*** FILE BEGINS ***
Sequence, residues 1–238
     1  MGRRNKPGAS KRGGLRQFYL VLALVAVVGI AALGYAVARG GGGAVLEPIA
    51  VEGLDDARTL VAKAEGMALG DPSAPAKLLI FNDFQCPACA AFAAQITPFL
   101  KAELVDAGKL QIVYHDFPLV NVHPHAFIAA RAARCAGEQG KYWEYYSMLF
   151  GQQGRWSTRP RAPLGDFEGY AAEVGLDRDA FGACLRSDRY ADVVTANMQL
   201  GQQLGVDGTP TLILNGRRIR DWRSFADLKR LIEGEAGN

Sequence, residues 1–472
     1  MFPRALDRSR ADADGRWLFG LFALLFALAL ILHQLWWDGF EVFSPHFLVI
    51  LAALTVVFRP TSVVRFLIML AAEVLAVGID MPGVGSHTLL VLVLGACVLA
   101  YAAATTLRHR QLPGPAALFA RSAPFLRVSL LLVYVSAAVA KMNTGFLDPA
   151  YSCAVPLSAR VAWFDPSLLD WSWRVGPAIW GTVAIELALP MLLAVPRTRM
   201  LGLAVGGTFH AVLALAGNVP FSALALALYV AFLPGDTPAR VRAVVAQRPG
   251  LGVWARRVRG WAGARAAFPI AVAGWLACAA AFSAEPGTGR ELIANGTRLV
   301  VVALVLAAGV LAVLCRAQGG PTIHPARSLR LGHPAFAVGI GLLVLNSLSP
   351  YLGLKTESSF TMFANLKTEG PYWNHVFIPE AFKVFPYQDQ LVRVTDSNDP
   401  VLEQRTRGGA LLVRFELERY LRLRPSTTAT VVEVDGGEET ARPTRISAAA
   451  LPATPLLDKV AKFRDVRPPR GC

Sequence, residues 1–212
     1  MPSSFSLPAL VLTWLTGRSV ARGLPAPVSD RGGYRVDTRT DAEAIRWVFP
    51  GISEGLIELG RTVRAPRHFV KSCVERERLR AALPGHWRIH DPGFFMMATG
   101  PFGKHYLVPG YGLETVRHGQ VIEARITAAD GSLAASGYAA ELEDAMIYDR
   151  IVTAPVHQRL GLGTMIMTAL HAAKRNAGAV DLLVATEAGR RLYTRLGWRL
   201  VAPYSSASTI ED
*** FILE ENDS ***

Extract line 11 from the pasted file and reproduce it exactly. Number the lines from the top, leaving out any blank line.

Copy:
   151  YSCAVPLSAR VAWFDPSLLD WSWRVGPAIW GTVAIELALP MLLAVPRTRM